Designers who care will often request a drawdown in order to check what a PMS color will look like when printed on a particular paper.

All papers have additives to give them their shade. Pulp has to be bleached to get it to white. Color additives are involved in getting to the required color. Compare several different “white” papers and you’ll quickly see that white doesn’t mean just one thing. There’s a color gradation within the world of book papers from bright white, though white, natural, and cream. Within that simple scheme there’s an infinite potential range: but paper mills will make to a constant recipe delivering a few standard shades.

PMS (Pantone Matching System) colors are presented in a swatch book printed generally on two papers, a coated white and an uncoated white. These are quite white whites. The swatch will give you a good idea of what your job will look like when printed on a white stock as a solid in this or that PMS color. What you can’t know from the swatch book is what effect the color of the paper you plan to use will have on the ink you select.  100% PMS 184 on the white of the swatch book, may look significantly different from a 20% tint of PMS 184 on a cream stock.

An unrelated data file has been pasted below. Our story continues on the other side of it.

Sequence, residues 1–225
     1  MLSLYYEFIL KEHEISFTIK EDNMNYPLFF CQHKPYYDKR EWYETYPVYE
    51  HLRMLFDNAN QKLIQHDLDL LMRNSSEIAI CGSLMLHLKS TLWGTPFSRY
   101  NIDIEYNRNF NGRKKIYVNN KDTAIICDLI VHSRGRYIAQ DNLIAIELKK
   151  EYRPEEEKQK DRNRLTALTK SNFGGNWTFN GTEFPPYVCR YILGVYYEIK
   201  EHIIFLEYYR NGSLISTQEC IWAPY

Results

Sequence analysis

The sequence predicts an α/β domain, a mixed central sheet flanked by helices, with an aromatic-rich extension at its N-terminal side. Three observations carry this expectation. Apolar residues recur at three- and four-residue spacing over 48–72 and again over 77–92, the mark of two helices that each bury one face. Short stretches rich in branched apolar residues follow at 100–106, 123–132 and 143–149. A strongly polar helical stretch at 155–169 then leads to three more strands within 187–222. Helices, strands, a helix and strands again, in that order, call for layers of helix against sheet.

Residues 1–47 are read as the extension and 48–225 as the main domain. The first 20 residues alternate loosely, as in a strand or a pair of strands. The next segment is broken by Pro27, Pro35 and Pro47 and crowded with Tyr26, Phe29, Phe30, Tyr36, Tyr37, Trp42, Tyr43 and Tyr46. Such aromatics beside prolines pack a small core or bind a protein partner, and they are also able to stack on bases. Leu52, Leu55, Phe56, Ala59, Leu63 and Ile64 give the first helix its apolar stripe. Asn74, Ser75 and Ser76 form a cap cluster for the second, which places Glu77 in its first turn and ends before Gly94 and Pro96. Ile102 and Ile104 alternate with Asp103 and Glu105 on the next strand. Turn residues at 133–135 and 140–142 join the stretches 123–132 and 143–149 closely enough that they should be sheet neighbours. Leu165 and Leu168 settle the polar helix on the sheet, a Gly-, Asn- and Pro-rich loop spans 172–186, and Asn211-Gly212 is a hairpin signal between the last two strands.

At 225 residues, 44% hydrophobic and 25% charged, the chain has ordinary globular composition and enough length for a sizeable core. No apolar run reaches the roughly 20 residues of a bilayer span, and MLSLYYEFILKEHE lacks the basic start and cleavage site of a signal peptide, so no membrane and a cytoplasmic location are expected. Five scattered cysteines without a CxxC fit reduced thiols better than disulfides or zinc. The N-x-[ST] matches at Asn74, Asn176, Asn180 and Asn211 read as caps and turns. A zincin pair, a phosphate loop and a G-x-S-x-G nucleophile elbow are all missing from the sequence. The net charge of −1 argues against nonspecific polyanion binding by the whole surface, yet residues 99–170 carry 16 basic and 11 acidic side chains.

When a drawdown is requested, a can of PMS ink is opened and a spatula which has been dipped in it is then dragged (drawn) down a sheet of the paper to be used on press. You can see this being done in the ink-making video below. I sometimes wonder what effect this foreknowledge has: but I suppose the cautious designer will perhaps be assured of not discovering, when opening the advance copy, that those second color text boxes have turned into an ugly muddy mess.

Drawdown has of course nothing to do with lay down, which is that (huge we hope) number of books moved out into the channels before publication. Excessive lay down can lead to mark down, though in our business that’ll no doubt be preceded by massive returns. In pre-digital days the flats for that marked-down book might have been subjected to tear down, before restripping for a smaller sheet-fed press. Is it odd that it was always paste up not paste down? I guess we would paste down an individual bit of repro as part of a paste up. A paste-down is actually that part of the endpaper which is pasted onto the inside of the case.